This is *so* not my body

Weird stuff my previously sturdy, reliable, capable body has done since it started accommodating The Lime:

  • Needing to be put to bed by 9 pm and not a minute later.
  • Not wanting dinner, unless it contains nothing that resembles a proper vegetable (I have basically lived on grilled cheese sandwiches, spaghetti with bottled tomato sauce, and scrambled eggs for 3 months).
  • Craving roast chicken, when I have not eaten fish nor fowl for over 18 months (I gave in. Once. It was sublime).
  • Hating the smell of wine, and, on the occasion that I’ve had a sip of an ostensibly delicious white blend (before you jump down my throat, militant mothers, it was a very small sip), thinking it tastes like ethanol.
  • Shedding kilograms – 5, to be precise. My body now weighs as much as it did when I was in my 4th year at university (when I was on Herbalife, working two jobs, and busting my ass to get a 1st in my course). If I’d known that all I had to do was stop drinking and eat small toddler-friendly dinners to get back to my pre-22 weight, I wouldn’t have had to bother with all the circuits at the gym and those high-GI/low-fat nonsense ‘lifestyle changes’. My mother-friends are very quick to assure me that I’ll start picking up A LOT of weight really soon. It’s going to be hard to squash the dismay, honed over 13 years, at seeing the needle swinging ever higher on the scale.
  • Rejecting cows’ milk. Luckily that Woolworths Extra Creamy soy isn’t too bad. But still, I never wanted to be That Girl at work who keeps her soy milk in the fridge instead of using the communal dairy. It’s lame.
  • Protesting against any form of exercise. I can just about manage a forty-minute walk or gentle hike. And that’s it. I feel grossly unfit, like I’m carrying a 25kg backpack, or like I’ve got anvils for feet. Again – very, very lame. I’m used to being able to do stuff, whatever I put my mind to, and now I just can’t.
  • Crying for strange reasons. Losing to the Wallabies on Sunday was crushing, but I’m sure I wouldn’t have walked around the house sobbing for hours afterwards if not for my raging bloody hormones.
  • Growing more hair than I could possibly need, and speeding up the growth of my nails. This irritates me. I don’t like having to groom (read: file my niles and smoothe down the soft fly-away new hair that’s all over my head) so regularly.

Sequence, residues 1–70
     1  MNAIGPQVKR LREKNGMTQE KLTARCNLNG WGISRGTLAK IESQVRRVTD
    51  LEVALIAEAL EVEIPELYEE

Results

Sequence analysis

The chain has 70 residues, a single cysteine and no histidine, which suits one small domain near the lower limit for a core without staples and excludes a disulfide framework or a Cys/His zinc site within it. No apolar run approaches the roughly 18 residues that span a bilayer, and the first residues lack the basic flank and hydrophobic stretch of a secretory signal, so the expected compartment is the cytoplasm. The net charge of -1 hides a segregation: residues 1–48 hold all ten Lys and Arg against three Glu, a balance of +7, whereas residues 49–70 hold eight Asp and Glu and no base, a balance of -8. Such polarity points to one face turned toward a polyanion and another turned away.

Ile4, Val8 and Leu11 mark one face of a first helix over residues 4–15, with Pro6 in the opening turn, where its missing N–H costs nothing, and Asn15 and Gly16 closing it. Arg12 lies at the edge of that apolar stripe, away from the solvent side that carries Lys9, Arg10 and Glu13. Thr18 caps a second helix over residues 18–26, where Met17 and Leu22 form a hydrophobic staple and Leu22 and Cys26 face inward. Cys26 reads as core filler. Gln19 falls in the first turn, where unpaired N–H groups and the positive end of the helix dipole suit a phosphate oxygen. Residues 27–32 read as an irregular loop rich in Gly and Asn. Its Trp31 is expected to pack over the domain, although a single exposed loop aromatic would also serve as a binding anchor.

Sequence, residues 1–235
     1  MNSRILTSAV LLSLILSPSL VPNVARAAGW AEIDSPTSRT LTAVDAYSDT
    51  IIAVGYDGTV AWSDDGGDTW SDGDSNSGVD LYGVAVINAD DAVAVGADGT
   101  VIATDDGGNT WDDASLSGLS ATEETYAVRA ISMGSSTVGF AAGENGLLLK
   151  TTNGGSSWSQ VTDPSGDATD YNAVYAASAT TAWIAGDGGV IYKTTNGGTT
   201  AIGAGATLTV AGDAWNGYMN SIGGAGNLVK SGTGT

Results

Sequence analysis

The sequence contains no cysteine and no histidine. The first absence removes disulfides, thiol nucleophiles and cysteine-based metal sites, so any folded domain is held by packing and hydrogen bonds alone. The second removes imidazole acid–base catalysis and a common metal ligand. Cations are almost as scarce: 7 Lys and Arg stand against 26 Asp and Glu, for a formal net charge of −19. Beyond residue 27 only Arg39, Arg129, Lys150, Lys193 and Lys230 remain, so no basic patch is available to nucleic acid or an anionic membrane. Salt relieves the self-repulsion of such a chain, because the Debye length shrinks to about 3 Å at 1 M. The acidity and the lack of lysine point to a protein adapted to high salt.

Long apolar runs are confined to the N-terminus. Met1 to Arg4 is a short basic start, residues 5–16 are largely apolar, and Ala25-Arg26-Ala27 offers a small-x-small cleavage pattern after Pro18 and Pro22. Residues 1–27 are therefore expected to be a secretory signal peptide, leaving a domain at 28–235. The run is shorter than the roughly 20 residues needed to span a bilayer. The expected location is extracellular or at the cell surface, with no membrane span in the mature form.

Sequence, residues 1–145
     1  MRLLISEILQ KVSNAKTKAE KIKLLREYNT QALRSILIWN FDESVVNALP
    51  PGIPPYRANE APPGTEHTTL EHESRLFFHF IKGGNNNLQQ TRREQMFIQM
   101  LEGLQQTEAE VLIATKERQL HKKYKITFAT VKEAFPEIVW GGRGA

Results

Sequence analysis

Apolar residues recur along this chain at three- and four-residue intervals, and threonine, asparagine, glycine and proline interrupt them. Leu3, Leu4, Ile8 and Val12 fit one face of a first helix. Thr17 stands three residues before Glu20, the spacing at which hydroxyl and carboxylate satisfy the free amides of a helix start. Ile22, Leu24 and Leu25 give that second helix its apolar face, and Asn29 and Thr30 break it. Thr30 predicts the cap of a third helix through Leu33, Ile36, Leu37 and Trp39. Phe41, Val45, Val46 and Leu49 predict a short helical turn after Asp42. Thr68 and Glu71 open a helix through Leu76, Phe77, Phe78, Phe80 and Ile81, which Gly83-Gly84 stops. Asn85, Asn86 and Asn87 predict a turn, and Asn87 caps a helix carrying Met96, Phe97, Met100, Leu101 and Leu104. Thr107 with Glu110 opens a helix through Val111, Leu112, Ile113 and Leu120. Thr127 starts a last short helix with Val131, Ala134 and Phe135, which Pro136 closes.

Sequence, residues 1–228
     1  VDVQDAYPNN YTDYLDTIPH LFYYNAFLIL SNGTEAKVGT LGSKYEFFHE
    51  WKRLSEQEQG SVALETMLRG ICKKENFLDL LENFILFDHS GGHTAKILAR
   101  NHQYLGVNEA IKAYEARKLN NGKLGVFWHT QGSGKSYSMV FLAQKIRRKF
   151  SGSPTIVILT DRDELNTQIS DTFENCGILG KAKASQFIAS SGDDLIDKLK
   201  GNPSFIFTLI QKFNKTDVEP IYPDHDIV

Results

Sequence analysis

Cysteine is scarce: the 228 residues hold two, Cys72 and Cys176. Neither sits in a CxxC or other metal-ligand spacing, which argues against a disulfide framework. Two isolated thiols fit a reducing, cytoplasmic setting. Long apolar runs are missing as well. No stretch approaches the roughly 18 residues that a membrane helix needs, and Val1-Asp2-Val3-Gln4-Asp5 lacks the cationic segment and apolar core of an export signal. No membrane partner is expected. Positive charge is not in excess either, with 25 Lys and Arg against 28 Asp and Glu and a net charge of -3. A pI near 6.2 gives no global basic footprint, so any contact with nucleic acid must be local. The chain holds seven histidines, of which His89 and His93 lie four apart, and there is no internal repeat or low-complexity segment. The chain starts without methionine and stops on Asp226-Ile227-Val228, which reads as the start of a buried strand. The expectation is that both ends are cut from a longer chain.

• Being stupid. I hardly ever lose anything, ordinarily, and am depressingly organised. Last month, I left my wallet and sunglasses in the garden for three days and had no idea where they were until Dylan brought them inside for me. I still don’t know how they got to be in the garden.

I’ve also been treated to that other stuff that the books told me to expect – needing to pee all the frikken time, having a canine sense of smell, feeling queasy. Etcetera.

All without being able to tell other people why I wasn’t keen to hit that new bar/was not able to climb Lion’s Head/had to go bed before I’d served them dessert at my dinner party/couldn’t remember where I’d saved that document.

It’s been a barrel of laughs, the last 12 weeks and 6 days. Really.

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4 Comments

  1. Erin

     /  October 12, 2011

    “Crying for strange reasons. Losing to the Wallabies on Sunday was crushing, but Iโ€™m sure I wouldnโ€™t have walked around the house sobbing for hours afterwards if not for my raging bloody hormones.”

    LOL. Sorry, had to smile at this. I’ll be the same if we lose to them this week though I don’t have the excuse of pregnancy. ๐Ÿ˜‰

    Best wishes Mich!

    Reply
  2. Shedding a few tears is one thing. Wandering aimlessly round the house bawling literally for hours is another. ๐Ÿ™‚

    Reply
  3. When we were doing our aerobics course they taught us all about the pregnant body for those moms who didn’t want to max out 9 months of being glowy, and instead came to exercise. When you become pregnant, you cannot get any fitter than you were at the time you got pregnant. You can only prepare your body for pushing out something enormous.

    In the first trimester your energy levels dip badly – this is why you can’t do exercise that seemed simple only a few weeks before. Also, your joints start to loosen to allow your hips to move apart to accommodate your baby. This means you can get injured quite easily and so should avoid any sort of impact sports (kickboxing, running etc).

    In the second trimester your energy levels should return to normal. Your joints get even looser and your b body temperature goes up by two degrees. That’s why if you do decide to exercise you should wear layers, like a long sleeve over your top, which you can take off when you need to. You also cramp really easily because your baby is using up all your minerals, so it’s a good idea to eat banana before the class, and also to take along something that has balanced electrolytes to drink.

    Sadly, in the third trimester your energy levels dip again. I think this is your body telling you to lie down and rest. All the things about your joints and temperature and ability to get injured apply. Try swimming or walking, if you feel like doing anything at all.

    And that ends my lecture on aerobics. ๐Ÿ™‚

    Reply
    • Thanks, Jen. This is really useful. I do plan to take up swimming soon and I have been walking quite a lot. I’ve had to stop hiking because of risk of injury, like you said. Plus my sense of balance has gone all weird! I’ve also got a prenanal yoga DVD and when I’m being all zen in my lounge I’ll be sure to wear layers – I didn’t realise that body temperature goes up in the 2nd trimester. And on the cramps – I had a hectic cramp in my foot last night for the first time in years. Maybe it’s The Shrimp’s fault. ๐Ÿ™‚ Thanks again for the advice – really, very useful.

      Reply

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